The opposite of self-conceit is humility, which expresses as a desire for others’ well-being and growth. While some religions carry most of these ideas, some secular creators (e.g., Stephen Covey, Dale Carnegie) express the same idea with different purposes for it.

Humility isn’t a focus on one’s own faults, but more a focus away from oneself onto others. The evidence of a humble lifestyle is someone who makes others feel important without ever thinking of oneself strictly beyond tending to legitimate needs.

The greatest moral hazard to any soul comes through false humility, which involves heavy preoccupation on appearing to consider others’ best interests instead of doing it. A falsely humble person will live a paradoxical life of self-sacrifice for the purpose of gaining reputation and the power that comes with it. Ironically, most outsiders of religious groups think of false humility when they observe a religion.

Conceit has a cure, but requires a few things:

  1. Regard others as equally important to oneself. This requires more work toward others than toward oneself because we don’t know exactly what other people are thinking and feeling.
  2. Never over-identify with anything that attributes to self-importance, especially on how it appears to others.
  3. Accept all other perspectives are equally valid, even when the reasoning isn’t always as sound or is missing apparent portions of reality that other people can plainly see.
  4. Quickly admit failure as it arises, irrespective of what it looks like or implies.

Humility is critical for the good life and a healthy society, but it’s extremely rare in this world for several reasons:

  • Conceited people tend to grab all available power and, therefore, most of everyone’s attention.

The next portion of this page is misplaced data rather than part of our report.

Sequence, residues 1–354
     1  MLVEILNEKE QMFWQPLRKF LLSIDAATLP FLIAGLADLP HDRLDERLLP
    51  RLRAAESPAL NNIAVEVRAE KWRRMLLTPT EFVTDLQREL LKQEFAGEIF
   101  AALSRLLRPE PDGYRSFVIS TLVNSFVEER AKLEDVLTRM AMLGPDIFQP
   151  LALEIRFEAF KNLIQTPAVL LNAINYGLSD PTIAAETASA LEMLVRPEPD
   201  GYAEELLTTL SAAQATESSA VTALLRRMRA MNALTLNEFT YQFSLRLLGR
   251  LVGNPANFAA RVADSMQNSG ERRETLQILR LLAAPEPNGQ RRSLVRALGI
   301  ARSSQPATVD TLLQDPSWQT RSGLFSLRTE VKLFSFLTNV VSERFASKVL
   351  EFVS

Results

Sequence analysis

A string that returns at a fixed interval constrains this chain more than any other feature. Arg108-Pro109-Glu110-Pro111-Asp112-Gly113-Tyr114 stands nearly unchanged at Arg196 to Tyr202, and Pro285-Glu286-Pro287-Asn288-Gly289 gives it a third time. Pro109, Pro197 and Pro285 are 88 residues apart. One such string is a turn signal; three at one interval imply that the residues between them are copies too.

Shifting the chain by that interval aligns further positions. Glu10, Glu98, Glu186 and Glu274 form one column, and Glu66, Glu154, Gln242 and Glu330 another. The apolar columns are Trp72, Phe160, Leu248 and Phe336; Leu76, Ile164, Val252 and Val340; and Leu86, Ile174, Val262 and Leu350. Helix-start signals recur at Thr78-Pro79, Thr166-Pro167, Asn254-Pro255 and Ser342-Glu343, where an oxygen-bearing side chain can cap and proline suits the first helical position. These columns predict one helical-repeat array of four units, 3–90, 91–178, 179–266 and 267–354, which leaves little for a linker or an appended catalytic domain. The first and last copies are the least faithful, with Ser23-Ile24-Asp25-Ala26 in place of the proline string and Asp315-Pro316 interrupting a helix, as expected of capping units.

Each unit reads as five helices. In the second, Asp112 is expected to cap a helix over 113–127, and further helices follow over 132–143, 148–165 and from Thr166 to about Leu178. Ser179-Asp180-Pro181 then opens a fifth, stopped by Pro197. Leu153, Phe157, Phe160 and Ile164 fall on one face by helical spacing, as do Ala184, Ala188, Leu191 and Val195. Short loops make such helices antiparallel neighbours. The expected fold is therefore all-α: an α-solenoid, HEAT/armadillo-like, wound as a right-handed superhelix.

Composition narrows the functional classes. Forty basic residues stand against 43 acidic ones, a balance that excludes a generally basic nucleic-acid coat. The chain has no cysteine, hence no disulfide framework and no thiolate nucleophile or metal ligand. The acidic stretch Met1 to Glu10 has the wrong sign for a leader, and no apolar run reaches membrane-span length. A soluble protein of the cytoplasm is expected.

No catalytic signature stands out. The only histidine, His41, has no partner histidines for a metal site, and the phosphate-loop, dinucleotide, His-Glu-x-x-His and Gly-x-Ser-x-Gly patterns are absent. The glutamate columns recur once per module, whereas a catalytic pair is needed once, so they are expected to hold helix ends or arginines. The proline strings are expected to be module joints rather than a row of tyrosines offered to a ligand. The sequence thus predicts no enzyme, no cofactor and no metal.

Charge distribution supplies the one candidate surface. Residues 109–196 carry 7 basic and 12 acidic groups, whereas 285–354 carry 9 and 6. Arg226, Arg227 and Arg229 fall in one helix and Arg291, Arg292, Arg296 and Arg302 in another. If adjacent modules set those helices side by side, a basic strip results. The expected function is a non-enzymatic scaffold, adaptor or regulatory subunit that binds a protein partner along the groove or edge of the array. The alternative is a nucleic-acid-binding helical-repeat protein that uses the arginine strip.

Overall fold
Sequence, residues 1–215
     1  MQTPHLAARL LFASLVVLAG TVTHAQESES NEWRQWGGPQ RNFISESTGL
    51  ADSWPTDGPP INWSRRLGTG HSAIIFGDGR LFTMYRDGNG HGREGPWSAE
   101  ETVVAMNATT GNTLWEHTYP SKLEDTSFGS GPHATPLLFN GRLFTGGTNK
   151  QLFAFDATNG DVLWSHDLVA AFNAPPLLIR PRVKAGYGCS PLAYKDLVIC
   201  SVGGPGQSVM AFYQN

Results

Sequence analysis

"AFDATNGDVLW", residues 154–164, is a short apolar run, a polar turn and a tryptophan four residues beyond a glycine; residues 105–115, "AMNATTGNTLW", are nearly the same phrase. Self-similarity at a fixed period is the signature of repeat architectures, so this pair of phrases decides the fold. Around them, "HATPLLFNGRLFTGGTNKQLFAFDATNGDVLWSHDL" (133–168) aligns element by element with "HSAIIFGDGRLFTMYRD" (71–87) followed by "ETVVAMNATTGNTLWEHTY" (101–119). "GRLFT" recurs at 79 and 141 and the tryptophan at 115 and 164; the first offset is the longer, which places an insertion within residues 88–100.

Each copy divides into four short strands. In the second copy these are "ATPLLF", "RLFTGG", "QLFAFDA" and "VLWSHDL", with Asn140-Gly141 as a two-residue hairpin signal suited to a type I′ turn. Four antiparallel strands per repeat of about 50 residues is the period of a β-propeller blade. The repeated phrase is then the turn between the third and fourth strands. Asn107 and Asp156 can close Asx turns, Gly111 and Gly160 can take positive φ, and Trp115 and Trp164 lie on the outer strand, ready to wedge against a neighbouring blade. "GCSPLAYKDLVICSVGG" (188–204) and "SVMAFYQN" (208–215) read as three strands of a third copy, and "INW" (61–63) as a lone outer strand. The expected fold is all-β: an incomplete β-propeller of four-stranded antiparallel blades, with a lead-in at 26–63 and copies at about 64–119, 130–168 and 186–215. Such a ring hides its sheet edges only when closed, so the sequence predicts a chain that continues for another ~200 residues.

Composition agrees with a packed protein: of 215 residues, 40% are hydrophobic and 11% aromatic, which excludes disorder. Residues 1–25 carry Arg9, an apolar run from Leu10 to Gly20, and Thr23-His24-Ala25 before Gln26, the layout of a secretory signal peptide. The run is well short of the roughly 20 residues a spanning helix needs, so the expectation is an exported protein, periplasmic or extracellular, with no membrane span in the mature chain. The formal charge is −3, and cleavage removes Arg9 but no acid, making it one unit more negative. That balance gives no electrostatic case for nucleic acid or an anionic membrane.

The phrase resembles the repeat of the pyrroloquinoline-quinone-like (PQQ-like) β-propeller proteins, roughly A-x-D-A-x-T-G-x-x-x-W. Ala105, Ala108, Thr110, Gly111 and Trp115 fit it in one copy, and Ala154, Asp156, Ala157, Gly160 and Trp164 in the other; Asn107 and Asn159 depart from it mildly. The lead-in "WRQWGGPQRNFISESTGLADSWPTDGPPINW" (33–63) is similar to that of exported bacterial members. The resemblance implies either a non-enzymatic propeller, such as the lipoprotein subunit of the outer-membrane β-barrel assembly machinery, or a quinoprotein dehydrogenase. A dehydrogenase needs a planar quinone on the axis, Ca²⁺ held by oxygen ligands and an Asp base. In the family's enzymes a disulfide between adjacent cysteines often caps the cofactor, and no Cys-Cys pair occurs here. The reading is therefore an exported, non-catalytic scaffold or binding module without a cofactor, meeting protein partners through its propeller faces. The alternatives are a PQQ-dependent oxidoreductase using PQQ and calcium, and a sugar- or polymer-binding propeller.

• Giving a humble person power may provoke them to self-conceit and make them a poor role model for others.
  • Even if a humble person received all the power, they’re not always shrewd enough to hold back the evil or conceited people from taking power again.
  • True, complete humility requires complete self-awareness, which is impossible because we keep experiencing things that change us.

Application

Since virtue is a habit, we must very carefully consider what we’re doing. If we’re wrong, we’ll destroy quite a bit before we realize what we’ve been doing.

Good moral education requires people developing an intuition for it, not rote memorization. However, it’s possible that the people who pay the educators don’t want a moral person to change how they do things.

Moral decisions affect everyone differently, depending on their philosophy, but they’re all built on a similar framework tied to our universal wiring and have a relative component based on cultural training.

People always abide by a moralized value system, even if it’s not accurately based on virtue. People who commit immoral actions nearly always feel bad for doing what they had done because they’ve violated their principles (even if the principle was “don’t get caught”).

Self-conceit is often why people specialize their skills and become group leaders.

Most conceited people are severely blind to themselves and don’t realize how silly they look. The only sensible reactions we can have is to be angry at it, ignore it, or have fun with it at their expense.

We tend to justify our moral actions even when we know we’re harming others who don’t deserve it. It may help others imagine that we’re moral, but it doesn’t do anything for our inner wellness.

Living a virtuous life is meaningful in itself, but its evidence will always express itself with others. The only people, therefore, who can tell us if we are living virtuously love us enough to be honest about what they see.

Selflessness can be trained, but it must be sincere. If anyone performs a virtue for someone else, they’re likely trying to gain something from it. Even people trying to please God might be doing it selfishly. The only reason someone should do anything virtuous is because they love others around them.

Loving behavior toward others begins with patience: